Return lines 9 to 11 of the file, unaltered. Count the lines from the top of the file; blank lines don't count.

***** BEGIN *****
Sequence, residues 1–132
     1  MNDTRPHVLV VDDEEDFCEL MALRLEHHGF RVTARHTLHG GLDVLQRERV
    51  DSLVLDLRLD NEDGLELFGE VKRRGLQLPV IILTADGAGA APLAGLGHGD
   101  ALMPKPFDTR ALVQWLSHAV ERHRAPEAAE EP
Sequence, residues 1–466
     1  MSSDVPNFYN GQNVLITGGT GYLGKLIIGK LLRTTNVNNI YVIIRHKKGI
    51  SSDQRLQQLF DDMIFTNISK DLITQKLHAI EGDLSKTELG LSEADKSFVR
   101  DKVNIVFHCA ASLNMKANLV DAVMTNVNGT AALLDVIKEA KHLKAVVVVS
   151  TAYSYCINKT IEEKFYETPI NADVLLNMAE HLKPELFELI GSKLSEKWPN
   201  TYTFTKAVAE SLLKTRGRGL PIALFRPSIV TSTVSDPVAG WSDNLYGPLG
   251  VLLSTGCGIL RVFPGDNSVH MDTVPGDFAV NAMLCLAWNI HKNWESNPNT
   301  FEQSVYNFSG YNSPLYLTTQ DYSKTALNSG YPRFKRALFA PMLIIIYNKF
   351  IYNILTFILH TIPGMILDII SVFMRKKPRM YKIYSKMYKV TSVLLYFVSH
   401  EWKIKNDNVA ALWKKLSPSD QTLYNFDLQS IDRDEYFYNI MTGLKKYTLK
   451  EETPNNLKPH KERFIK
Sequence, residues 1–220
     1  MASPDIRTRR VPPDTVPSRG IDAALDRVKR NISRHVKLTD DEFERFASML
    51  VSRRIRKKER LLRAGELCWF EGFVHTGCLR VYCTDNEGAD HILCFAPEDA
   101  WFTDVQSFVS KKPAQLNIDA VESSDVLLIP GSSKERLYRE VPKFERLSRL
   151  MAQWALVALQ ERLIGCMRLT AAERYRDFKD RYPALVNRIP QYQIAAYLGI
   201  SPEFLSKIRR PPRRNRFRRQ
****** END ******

   151  TAYSYCINKT IEEKFYETPI NADVLLNMAE HLKPELFELI GSKLSEKWPN
   201  TYTFTKAVAE SLLKTRGRGL PIALFRPSIV TSTVSDPVAG WSDNLYGPLG
   251  VLLSTGCGIL RVFPGDNSVH MDTVPGDFAV NAMLCLAWNI HKNWESNPNT